Obama’s parenting advice

If you’re a regular on Facebook, you would have most likely come across this video where President Obama gives family/parenting advice to his interns. It’s great advice. My favourite line was “If you’re going to be home, be home!”

And this is something I’ve struggled with over the holidays. I work from home and with S being home, he’d see me on my phone often. Now I’ve got to be honest. On many occasions it was work but on many it was just Facebook/Instagram browsing. As a blogger I think we’re even more guilty of this because Twitter & Instagram move so fast, take your eye off the ball and you’ll miss something.

Over the holidays I also noticed S getting more whiney. It was most likely a combination of his age, the fact that he had no routine and not always having my full attention when we were at home.

Yesterday was his last day off and I decided we were going to have a phone free afternoon. We went down to our local high street, ran some errands and then went to Wagamama for lunch. Once we ordered our food, I engaged S in conversation by asking him what we did over the Christmas holidays and then asking him to tell me about people in his class, their names, etc. He sat down chatting to me, asked the waitress for children’s chopsticks, asked her for some more water and finished all his food. I can tell you there was a huge difference in him when he had my undivided attention vs. when he didn’t.

If you have to be honest with yourself, how much time do you really spend on the phone? How much of that time is really necessary? This is something I’m going to repetitively ask myself in 2016.

This evening a friend posted an article on Facebook about being married to your phone. And as I read it, I couldn’t help but nod my head in agreement. But it also made me feel sad. Since when did our phones become more important than our families? Why do spouses find it easier to message each other rather than have a simple conversation? And the worst thing is that so much is misunderstood on whatsapp/messenger/any other mode of text communication.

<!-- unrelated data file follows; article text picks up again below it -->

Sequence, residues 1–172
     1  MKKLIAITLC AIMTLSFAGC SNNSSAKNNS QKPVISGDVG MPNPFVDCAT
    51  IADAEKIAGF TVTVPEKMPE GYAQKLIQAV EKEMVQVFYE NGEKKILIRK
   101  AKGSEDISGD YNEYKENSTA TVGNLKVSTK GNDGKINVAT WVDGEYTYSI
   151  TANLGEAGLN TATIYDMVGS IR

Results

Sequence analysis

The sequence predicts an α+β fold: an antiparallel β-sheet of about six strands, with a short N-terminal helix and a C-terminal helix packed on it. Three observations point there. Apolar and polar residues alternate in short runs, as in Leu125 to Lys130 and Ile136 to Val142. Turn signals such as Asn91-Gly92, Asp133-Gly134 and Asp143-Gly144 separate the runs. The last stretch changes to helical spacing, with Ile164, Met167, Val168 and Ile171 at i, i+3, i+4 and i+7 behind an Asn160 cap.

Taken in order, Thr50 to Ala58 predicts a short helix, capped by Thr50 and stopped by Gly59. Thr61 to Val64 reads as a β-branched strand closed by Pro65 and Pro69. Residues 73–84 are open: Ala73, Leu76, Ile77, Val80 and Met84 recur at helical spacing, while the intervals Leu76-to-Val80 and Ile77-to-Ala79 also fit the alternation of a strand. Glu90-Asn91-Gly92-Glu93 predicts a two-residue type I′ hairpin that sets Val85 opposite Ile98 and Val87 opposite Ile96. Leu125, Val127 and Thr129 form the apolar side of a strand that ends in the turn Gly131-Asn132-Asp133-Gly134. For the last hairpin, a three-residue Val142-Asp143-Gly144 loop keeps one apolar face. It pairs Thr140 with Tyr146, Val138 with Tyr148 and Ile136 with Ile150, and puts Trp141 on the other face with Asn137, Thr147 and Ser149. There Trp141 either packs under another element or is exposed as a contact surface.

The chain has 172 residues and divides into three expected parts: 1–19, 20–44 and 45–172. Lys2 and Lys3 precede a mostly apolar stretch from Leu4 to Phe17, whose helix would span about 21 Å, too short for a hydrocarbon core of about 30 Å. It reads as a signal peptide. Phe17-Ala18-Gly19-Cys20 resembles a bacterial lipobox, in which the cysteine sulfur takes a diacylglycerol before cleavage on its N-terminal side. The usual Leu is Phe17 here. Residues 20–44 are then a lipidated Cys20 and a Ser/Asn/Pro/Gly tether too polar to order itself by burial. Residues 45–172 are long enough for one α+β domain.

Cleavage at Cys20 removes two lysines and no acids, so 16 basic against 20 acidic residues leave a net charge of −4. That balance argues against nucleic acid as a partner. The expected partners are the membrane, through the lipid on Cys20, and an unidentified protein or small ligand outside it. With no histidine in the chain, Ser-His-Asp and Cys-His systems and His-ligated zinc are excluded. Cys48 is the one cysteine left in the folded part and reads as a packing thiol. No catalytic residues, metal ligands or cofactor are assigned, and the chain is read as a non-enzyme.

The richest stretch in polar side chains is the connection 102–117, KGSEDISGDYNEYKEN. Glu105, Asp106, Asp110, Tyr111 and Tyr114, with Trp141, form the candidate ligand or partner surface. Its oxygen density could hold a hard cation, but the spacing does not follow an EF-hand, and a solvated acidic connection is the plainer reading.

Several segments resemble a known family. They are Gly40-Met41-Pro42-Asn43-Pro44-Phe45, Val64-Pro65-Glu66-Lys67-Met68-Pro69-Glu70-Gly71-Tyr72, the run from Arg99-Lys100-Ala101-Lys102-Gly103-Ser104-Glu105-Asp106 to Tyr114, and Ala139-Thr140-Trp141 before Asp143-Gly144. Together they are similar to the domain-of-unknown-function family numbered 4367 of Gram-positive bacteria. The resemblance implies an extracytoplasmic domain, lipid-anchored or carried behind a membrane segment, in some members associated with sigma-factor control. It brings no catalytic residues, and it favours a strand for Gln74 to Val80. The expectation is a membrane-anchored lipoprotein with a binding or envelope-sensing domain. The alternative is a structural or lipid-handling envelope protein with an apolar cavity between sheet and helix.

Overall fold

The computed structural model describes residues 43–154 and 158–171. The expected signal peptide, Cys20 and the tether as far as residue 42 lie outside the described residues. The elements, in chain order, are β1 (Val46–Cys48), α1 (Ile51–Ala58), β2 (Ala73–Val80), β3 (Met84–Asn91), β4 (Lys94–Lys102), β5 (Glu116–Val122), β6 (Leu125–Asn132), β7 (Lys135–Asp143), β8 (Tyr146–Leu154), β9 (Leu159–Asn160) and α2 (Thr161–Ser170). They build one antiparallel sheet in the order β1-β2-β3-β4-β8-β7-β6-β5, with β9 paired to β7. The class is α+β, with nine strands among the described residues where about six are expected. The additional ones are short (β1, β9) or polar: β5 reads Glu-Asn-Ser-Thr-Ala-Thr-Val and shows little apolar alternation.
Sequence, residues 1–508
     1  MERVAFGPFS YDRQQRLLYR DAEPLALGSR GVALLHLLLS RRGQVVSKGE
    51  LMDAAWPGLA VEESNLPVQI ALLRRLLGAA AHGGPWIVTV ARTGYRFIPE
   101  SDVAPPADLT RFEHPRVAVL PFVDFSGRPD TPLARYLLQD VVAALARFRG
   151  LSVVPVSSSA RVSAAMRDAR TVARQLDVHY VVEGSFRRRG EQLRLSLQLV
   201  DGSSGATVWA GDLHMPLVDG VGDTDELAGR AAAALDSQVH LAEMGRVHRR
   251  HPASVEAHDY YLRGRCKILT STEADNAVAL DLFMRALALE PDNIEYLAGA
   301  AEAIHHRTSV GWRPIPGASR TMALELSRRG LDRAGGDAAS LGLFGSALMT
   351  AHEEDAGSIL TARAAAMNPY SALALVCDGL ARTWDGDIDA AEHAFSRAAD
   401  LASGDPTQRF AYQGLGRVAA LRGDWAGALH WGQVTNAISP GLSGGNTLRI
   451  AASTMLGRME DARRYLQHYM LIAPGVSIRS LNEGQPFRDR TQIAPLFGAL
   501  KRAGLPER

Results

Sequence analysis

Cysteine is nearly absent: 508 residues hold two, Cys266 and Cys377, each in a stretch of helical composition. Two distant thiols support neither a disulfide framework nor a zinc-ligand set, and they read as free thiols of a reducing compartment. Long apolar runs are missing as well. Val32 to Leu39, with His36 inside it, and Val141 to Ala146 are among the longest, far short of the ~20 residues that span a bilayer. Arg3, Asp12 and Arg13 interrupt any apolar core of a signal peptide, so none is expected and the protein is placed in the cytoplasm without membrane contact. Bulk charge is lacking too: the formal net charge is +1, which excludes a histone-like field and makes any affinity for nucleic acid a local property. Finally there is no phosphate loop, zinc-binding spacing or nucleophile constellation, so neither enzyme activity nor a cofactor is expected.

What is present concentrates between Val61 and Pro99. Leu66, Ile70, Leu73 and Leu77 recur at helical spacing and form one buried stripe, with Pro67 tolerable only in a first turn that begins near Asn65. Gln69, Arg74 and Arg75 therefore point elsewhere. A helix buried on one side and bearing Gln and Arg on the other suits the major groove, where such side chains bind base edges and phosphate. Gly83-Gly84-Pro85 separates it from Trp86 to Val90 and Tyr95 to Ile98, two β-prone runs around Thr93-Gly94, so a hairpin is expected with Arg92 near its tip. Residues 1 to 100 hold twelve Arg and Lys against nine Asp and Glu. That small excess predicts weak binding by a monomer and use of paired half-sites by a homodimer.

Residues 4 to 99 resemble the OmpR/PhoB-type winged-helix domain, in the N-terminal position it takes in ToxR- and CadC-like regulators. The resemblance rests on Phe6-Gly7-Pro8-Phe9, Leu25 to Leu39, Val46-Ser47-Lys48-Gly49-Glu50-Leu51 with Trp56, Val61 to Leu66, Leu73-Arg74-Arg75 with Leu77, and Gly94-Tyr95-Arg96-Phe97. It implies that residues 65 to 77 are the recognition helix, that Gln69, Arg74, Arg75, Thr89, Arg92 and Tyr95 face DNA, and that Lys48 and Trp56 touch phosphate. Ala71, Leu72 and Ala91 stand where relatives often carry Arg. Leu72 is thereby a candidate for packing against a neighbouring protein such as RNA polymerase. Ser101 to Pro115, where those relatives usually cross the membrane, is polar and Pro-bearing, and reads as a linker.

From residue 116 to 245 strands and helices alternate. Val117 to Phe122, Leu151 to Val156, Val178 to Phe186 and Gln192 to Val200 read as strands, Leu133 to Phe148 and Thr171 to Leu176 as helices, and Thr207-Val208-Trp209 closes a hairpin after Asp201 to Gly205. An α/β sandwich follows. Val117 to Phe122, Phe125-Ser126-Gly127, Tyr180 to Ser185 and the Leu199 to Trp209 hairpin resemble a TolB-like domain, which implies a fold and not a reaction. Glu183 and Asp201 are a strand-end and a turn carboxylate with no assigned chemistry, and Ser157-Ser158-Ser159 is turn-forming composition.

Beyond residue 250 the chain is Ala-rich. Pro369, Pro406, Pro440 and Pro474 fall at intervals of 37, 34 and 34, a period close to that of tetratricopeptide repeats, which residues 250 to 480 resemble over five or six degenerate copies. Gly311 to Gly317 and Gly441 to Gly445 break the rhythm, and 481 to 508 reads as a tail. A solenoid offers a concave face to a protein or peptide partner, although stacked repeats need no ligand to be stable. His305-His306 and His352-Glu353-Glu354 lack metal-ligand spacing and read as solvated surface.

Last year sometime I had dinner with a friend I hadn’t seen in years and half way through the meal, she takes out her phone and starts messaging someone. First she said it was her mom and she was letting her know what time she’d be home, so I gave her that. Then 5 minutes later I realised she was messaging a friend. A couple of minutes later, she takes a picture of some ratty looking bracelet on her arm to send to her friend to say “Ha! I took your bracelet when I was at yours and you didn’t realise.” (She told me this). A few minutes later and other guests started whispering and looking in our direction. I wasn’t offended, I know I’m not a boring dinner date, but I was shocked! Why go to dinner?! It goes without saying that I haven’t seen her since.

While I’m grateful for technology and the ability to stay in touch with friends who live on the other side of the world, I also believe phones are killing conversation.

More importantly, I believe our children mirror us and if they constantly see us head down in our phones, it won’t be long before they’re doing exactly the same thing. The next time I’m on my phone and S calls out to me, I will ask myself what’s more important? “This chat/picture/status…or my son?”

3 thoughts on “Obama’s parenting advice

  1. Great post. I always refrain from using my phone when I’m out with friends to give them my full time and attention. Now I’m wondering why I don’t give my own precious children the same courtesy at home. I love the idea of having phone free time. I did that when we went on holiday for a week – definitely recommend!

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